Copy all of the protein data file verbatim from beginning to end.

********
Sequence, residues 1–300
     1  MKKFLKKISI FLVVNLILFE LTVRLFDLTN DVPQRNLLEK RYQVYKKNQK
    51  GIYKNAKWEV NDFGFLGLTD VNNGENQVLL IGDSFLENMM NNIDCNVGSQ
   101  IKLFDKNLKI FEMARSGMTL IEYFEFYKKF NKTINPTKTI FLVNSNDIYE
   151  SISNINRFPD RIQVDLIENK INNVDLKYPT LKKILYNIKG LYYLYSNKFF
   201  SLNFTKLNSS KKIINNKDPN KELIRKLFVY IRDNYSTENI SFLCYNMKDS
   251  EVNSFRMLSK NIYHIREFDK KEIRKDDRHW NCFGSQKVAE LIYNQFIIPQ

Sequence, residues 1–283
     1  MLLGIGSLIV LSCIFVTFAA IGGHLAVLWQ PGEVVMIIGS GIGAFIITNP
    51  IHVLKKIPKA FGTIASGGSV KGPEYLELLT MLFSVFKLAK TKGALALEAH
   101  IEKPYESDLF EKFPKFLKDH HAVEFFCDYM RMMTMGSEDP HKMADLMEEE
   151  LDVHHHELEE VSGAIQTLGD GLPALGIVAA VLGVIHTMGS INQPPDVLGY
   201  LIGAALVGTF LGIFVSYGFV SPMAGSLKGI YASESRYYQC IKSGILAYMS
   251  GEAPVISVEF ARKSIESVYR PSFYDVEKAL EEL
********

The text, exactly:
Sequence, residues 1–300
     1  MKKFLKKISI FLVVNLILFE LTVRLFDLTN DVPQRNLLEK RYQVYKKNQK
    51  GIYKNAKWEV NDFGFLGLTD VNNGENQVLL IGDSFLENMM NNIDCNVGSQ
   101  IKLFDKNLKI FEMARSGMTL IEYFEFYKKF NKTINPTKTI FLVNSNDIYE
   151  SISNINRFPD RIQVDLIENK INNVDLKYPT LKKILYNIKG LYYLYSNKFF
   201  SLNFTKLNSS KKIINNKDPN KELIRKLFVY IRDNYSTENI SFLCYNMKDS
   251  EVNSFRMLSK NIYHIREFDK KEIRKDDRHW NCFGSQKVAE LIYNQFIIPQ

Sequence, residues 1–283
     1  MLLGIGSLIV LSCIFVTFAA IGGHLAVLWQ PGEVVMIIGS GIGAFIITNP
    51  IHVLKKIPKA FGTIASGGSV KGPEYLELLT MLFSVFKLAK TKGALALEAH
   101  IEKPYESDLF EKFPKFLKDH HAVEFFCDYM RMMTMGSEDP HKMADLMEEE
   151  LDVHHHELEE VSGAIQTLGD GLPALGIVAA VLGVIHTMGS INQPPDVLGY
   201  LIGAALVGTF LGIFVSYGFV SPMAGSLKGI YASESRYYQC IKSGILAYMS
   251  GEAPVISVEF ARKSIESVYR PSFYDVEKAL EEL